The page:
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Patrick Reed
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Player Profile

Patrick Reed: the season so far

by Matt Cooper
Updated On: March 29, 2020, 9:44 am ET

Age: 29

 

World ranking (current/end of year)

Current: 7th
2019: 12th
2018: 15th
2017: 24th
2016: 8th

 

Current 2020 Stats

FedEx Cup Rank: 6th
Events: 8
Wins: 1
Top 10: 4
Top 25: 6
Made Cut: 7
Money: $3,226,531

 

Strokes Gained

Off-The-Tee: 109th (2019: 75th, 2018: 104th, 2017: 69th, 2016: 63rd)
Approach: 38th (2019: 78th, 2018: 74th, 2017: 120th, 2016: 86th)
Around The Green: 38th (2019: 14th, 2018: 2nd, 2017: 29th, 2016: 8th)
Putting: 3rd (2019: 44th, 2018: 72nd, 2017: 6th, 2016: 38th)
Tee-To-Green: 34th (2019: 39th, 2018: 29th, 2017: 64th, 2016: 30th)
Total: 7th (2019: 25th, 2018: 24th, 2017: 24th, 2016: 14th)

 

Analysis

His missed cuts in the Sony Open and Saudi International were something of a surprise, being his only failures to play four rounds since the PGA Championship last May. In that time he’s played 24 tournaments, landing 18 top 30s, nine of them top tens with two victories (last year’s The Northern Trust and February’s WGC Mexico Championship). What is that solid form built on? He remains very ordinary Off the Tee, his Tee to Green rank is about average, but he’s on track for a best end-of-year ranking for both Approach and Putting. With Reed, of course, there is also an added factor because he’s faced plenty of criticism for a bunker incident at December’s Hero World Challenge, but in typical fashion he has responded to allegations of cheating with astounding lack of regard, even appearing to be motivated by them.

Grade so far: B+

 

2020 quotes

WGC Mexico Championship (on returning to the winner’s circle): “I’ve worked so hard through the end of last year and also the beginning of this year. Kept on feeling like we were playing some good golf, just weren't quite able to get over that hump. It’s great to win my second World Golf Championship.”

WGC Mexico Championship (on the controversy surrounding him): “I'm used to it. Honestly, it's one of those things that at the end of the day, all I can control is me and what I do on and off the golf course. If I'm improving each day on and off the golf course and setting a good example for the next generation coming up, then that's all I can do. I feel like I've been doing a good job of that. The thing with me is I don't read really what's going on in the media.”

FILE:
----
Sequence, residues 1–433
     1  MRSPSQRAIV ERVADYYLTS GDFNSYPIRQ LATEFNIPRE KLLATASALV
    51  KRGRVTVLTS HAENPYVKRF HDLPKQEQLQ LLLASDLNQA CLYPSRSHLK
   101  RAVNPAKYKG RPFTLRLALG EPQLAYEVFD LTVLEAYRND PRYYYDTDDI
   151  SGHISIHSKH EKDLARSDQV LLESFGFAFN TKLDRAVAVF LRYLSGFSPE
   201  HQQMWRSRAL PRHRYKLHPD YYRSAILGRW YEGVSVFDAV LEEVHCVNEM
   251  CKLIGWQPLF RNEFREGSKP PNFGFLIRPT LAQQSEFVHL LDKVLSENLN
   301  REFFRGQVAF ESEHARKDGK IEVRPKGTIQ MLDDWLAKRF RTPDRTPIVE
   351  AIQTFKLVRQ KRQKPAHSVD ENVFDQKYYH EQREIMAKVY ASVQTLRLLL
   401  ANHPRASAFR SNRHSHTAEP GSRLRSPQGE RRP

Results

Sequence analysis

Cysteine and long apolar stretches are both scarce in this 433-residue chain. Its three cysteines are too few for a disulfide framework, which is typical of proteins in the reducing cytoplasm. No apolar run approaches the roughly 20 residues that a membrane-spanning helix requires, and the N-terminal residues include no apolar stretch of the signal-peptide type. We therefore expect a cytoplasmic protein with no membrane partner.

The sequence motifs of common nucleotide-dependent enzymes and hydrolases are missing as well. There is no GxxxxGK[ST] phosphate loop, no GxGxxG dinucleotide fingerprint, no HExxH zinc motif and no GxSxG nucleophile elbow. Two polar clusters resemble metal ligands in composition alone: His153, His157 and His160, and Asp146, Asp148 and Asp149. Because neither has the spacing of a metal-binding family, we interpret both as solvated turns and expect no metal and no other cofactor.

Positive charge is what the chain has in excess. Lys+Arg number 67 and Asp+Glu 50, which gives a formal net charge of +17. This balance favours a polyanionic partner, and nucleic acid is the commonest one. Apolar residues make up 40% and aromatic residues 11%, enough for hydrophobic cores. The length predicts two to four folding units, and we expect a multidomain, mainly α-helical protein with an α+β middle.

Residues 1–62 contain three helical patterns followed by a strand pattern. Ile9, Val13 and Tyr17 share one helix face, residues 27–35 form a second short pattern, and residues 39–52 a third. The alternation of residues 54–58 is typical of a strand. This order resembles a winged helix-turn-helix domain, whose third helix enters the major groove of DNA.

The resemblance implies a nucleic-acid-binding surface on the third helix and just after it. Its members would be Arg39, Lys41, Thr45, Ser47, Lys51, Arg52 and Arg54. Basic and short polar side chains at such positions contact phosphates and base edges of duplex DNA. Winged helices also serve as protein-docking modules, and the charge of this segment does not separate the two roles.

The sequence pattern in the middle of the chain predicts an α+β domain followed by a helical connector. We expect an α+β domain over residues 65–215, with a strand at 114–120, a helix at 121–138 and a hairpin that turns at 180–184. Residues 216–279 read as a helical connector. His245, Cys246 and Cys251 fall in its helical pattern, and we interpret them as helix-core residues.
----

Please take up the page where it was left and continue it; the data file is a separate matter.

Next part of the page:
Palmer Invitational (on the state of his game, especially interesting with reference to the improvement in his Approach ranking, see above): “When I miss a fairway, I've been missing it in the correct spots, so I'm still able to get to the green or attack the hole. In the past if I missed a fairway, it could be in the wrong spot. The biggest thing is I feel like my short game's been pretty sharp for the most part and because of that, if it is a little sloppy on iron shots or tee shots, I'm able to get away with it because I can save myself on short game.”

 

THE MAJORS (most recent result on the left)

The Masters: 36-1-MC-49-22-MC

The contrast between Reed’s win in 2018 and his other five starts at Augusta are really quite extraordinary. Results? The victory is his only top 20. End-of-round position? He was T4 or better all week in 2018, but has never ended another round inside the top ten (and only twice been inside the top 20). Round scores? He went sub-70 three times during his triumph, but has done so only once in his other 16 circuits. Incredibly, 11 of his 20 scores at Augusta have been over-par.

PGA Championship: MC-MC-2-13-30-59

A solid tournament record has gone horribly wrong in the last two seasons. Not only did he miss the cut at Bellerive and Bethpage Black, he never looked like doing anything else and was ranked outside the top 100 on Friday night.

U.S. Open: 32-4-13-MC-14-35

A decent bank of form in the national championship that has not quite taken off yet. Back at Chambers Bay in 2015 he was tied for the lead at halfway, but a third round 76 set him in reverse and he ended the week T14. At Erin Hills (2017) and Shinnecock Hills (2018) he was T7 after 54 holes, positions that eventually reaped T13 and T4.

Open Championship: 10-28-MC-12-20-MC

At first glance four top 30s, two of them T12 or better looks decent enough. But the truth is that the closest he has been to the lead after three rounds was T9 in 2016 (when he was T12). In fact, in his 24 major championship appearances, he has only once been T6 or better when sleeping ahead of the final round – during his Masters triumph (on that occasion he held a three-shot lead).